Over the years we have learned what each does better and who wants to be boss about something. When we first got together, it was automatic I drove. We never gave it any thought, but on one road trip my back hurt so much driving, we changed and she drove much more. I found out I liked being a slug in the passenger seat. I sometimes drive more because of weather, traffic, challenging terrain or just because I feel like it. Sometimes Barb want to drive most of the day. We hope we are making such decisions as friends, not based on sexual divides.

If my wife had been born a generation later when girls were encouraged to be involved in athletics, she would have been a good long distance runner—she has that type of body. Of course, she would have had her knee surgery a long time ago rather than last month. Maybe she would have gone on to medical school instead of excelling at lab work, a more traditional “woman’s job”. Maybe I would have been a decorator, the only straight male one.

No one here is a better cook. We cook differently. Barb likes it more than me. So far we drive differently but don’t hit anything. I think Barb likes driving more than me (although if I had a sports car, maybe things would change—can you do a four wheel drift with an SUV?). Making decisions on who is in charge for the moment should be based on who wants to do it and who is better at it and we try to follow that, though probably have some learning yet to learn.

Whether a woman should tow should be based on skill and desire. Some women are scared of it and it is better they don’t drive. The fear was probably from being taught that they couldn’t do something like that when they were kids and while that can be changed, not everyone wants to change it. Skill can be learned—when we were learning how to RV, we were in the Mojave Desert on our first long trip about a month after we bought the Airstream. How convenient—empty well paved roads in the middle of nowhere. Barb said it was time for her to drive and then she did. She was the lucky one. I had to pull that trailer out of the dealer lot and drove through a city and into a campground with virtually no experience scared I was going to destroy our brand new expensive toy and maybe tear down a few street signs and flatten the electric pedestal.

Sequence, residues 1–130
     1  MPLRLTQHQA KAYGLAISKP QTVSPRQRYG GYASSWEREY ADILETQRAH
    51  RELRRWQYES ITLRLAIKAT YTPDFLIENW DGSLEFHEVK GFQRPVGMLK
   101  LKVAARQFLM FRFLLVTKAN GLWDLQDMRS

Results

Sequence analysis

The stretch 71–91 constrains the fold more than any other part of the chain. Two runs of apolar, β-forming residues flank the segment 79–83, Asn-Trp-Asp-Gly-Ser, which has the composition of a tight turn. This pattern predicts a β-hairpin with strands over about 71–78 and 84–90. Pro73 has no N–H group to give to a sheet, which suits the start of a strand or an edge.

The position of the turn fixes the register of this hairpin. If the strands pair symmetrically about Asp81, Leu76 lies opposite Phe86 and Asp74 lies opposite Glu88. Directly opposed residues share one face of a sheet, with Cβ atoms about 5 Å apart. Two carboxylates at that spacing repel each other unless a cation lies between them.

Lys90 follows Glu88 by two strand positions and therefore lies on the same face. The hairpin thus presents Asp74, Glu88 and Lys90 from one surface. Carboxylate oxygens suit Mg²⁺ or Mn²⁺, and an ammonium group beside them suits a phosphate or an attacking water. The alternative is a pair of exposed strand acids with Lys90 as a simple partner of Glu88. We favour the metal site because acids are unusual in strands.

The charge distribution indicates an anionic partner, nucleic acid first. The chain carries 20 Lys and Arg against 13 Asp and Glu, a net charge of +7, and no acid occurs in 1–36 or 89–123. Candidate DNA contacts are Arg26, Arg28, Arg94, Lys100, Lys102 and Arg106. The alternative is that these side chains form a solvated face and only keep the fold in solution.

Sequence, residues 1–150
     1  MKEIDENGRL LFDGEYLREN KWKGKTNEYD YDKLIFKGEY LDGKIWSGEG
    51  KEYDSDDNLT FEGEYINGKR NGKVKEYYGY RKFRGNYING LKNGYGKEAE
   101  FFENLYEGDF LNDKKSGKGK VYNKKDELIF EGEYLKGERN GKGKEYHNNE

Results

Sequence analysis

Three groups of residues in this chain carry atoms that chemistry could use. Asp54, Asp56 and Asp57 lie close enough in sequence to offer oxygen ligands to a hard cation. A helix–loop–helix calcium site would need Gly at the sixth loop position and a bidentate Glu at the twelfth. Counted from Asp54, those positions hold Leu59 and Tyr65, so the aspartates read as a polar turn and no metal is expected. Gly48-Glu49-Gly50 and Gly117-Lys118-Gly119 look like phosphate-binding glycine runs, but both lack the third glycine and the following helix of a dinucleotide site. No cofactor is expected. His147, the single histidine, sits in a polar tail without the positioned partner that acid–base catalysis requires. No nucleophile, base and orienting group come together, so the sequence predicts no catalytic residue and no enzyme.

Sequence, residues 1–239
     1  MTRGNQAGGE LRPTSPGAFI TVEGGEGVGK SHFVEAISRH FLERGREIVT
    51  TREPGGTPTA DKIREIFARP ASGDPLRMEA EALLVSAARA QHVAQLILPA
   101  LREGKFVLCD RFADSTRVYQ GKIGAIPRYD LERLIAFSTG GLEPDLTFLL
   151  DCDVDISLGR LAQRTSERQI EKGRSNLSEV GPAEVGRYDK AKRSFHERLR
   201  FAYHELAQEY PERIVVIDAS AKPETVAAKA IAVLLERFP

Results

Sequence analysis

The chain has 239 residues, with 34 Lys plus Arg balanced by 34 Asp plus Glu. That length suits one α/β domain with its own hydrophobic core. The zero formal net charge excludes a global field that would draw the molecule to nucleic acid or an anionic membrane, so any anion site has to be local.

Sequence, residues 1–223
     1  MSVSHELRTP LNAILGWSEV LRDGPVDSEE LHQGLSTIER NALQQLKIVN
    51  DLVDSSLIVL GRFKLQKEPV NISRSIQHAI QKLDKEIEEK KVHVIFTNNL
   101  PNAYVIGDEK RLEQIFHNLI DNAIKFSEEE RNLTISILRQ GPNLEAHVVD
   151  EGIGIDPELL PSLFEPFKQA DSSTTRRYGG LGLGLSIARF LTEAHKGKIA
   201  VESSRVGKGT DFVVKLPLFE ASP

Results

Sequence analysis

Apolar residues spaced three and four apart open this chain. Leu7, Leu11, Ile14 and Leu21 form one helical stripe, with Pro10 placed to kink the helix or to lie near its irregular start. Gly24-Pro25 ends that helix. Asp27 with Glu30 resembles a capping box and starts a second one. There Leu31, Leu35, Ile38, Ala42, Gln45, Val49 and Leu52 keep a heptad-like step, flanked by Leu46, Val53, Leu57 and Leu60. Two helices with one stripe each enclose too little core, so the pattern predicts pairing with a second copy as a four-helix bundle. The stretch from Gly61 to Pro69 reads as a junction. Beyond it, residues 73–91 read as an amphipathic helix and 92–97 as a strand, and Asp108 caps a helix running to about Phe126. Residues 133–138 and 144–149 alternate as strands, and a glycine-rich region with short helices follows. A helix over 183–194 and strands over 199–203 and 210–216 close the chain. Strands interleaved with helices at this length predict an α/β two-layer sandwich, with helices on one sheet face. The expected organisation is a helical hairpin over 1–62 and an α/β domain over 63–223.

Yes, Raven, the south is more “traditional.” Having also grown up in the north, the west is another experience. There were a lot of independent women in early western history, but later the culture of both the south and north came here and created something hard to pin down, a blend which is made even more complex by the effects of Spanish and Indian cultures which preceded the “American” one. We just try to do what works and after 33 years together, I guess it works.
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Old 08-22-2019, 11:32 AM   #44
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2018 30' Classic
Kamas , Utah
Join Date: Sep 2017
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Smile Wife Driving!!

Well,
Congrats to your wife. It took me probably 3000 miles before I was actually anxious to try driving. I thought, no problem, it's nothing but highway; but how wrong I was. I took over driving with all the confidence in the world, then the highway (2 lane) went to very narrow 2-lane through a few small towns with lots of lights and turns, etc.

Anyway, alls well that ends well. The only scary issue I had was driving too fast on the interstate going over a mountain pass trying to pass a truck. Needless to say, I woke up real quick when the suction and wind from the truck began to make my 30' classic jump around. Slowed down and pulled over. Caught my breath and continued on my way towards Salt Lake City.

Leanne